Reusing, Recycling and Not Landfilling Clothes

Thu September 9, 2010

As the volume of discarded U.S clothing grows, a national for-profit business is expanding to keep up. USAgain, with collections in 11 major metropolitan areas, is finding that the two-year-old U.S. recession isn't diminishing the number or volume of shirts, pants, shoes and other clothing that is going to American landfills.

The company plans to expand into three to four additional metropolitan areas in 2011 to keep up with the supply - and the demand. From American charities to buyers in Central America, there are plenty of users for clothing discarded in America. USAgain says its 8,000-site collection locations - most recently expanded to include the San Francisco metropolitan area - and its reuse system are part of the answer.

"It's a double tragedy when discarded clothing takes up landfill space, and people who want it don't get to use that clothing," says Mattias Wallander, the company's CEO since 2000. USAgain was founded in 1999.

Headquartered in Chicago, the firm employs 170 people nationwide and says it has recycled more than 367 million clothing items and diverted the equivalent of more than 1.9 million cubic feet of landfill space. In addition to textile clothing, towels, sheets, and tablecloths, USAgain accepts shoes, coats, jackets and some other accessories.

Although many Americans choose to take used clothing to Goodwill or local charities, a study showed most consumers are busy and often don't have the time to go more than five minutes out of their way.

"What we're adding is convenience," he observed. "We have collection bins at dry cleaners, gas stations, major retailers and other locations where people are already going to be." For example, in Minnesota's Twin Cities metropolitan area, the company has almost 1,000 red collection bins. Less than 5% of the material dropped in the collection bins is unwanted trash.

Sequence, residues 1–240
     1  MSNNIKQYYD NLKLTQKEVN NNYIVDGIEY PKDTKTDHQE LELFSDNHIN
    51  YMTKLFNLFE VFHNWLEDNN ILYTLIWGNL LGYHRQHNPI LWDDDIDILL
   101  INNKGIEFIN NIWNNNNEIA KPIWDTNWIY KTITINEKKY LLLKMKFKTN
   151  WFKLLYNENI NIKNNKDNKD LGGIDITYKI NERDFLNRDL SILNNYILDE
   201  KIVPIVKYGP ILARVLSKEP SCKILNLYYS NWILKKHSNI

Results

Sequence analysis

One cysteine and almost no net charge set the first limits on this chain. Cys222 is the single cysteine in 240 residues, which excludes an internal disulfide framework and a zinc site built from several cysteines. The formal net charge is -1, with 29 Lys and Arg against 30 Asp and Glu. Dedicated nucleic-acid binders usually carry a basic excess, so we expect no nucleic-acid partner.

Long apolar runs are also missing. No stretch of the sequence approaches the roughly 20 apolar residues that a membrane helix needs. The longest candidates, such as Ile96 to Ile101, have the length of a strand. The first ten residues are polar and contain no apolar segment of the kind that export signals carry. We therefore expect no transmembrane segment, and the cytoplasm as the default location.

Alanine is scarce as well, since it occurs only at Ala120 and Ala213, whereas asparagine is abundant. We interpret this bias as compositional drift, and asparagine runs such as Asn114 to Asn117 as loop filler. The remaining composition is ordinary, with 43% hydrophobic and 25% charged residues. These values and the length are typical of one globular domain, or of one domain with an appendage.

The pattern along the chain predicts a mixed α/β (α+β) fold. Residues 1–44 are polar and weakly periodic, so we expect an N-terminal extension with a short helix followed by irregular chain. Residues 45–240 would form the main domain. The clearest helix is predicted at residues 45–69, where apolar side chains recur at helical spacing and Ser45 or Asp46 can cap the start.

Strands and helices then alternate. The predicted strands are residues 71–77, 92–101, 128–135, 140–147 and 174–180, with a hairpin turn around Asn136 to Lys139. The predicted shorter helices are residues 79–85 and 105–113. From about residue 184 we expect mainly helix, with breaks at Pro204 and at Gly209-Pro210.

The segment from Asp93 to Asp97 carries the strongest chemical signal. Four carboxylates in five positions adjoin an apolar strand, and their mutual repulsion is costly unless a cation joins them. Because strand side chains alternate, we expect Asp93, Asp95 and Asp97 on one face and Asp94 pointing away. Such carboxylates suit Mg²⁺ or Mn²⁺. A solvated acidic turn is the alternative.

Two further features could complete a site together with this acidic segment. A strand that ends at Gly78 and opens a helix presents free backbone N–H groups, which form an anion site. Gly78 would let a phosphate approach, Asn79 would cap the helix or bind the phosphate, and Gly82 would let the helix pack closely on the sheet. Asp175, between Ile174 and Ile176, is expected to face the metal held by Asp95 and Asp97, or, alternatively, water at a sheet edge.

In the Twin Cities, USAgain partners with nonprofit award-winning Eureka Recycling, based in St. Paul, a nonprofit that accepts used clothing through its curbside service. The company picks up the material from Eureka's materials recovery facility. Within 7 to 10 days of pickup from collection bins, the recycled clothing reaches domestic customers. The turnaround is three to four weeks for those in other countries.

The volume of discarded clothing in the U.S. reached 8 million tons in 2005 and has continued to increase since then. A U.S. EPA study estimated 85% of discarded clothing is discarded, accounting for more than 4% of municipal solid waste volume. The volume of U.S. clothing consumption has quintupled since 1980.

Wallander says that the recession hasn't reduced the volume of discarded clothing because consumers are clothes shopping at the same rate, but more often from more affordable retailers. Instead of the 25% drop in the volume of material the company had expected, it instead increased about 10% in 2009.

Who wants the discarded clothing? In addition to domestic markets, Wallander says there are plenty of international opportunities.

USAgain supplies reused clothing in Third World nations in bulk to buyers, who then resell to customers. "It's a low-cost commodity that generates income in countries that need it," Wallander says. Shoes are especially valued in countries like Guatemala.

USAgain points out that growing the cotton to produce one T-shirt requires 700 gallons of water. "Conventionally grown cotton, one of the most popular clothing fibers, is also one of the most water- and pesticide-dependent crops," the company says on its web site.

To find a drop box in one of the metropolitan areas served, go here.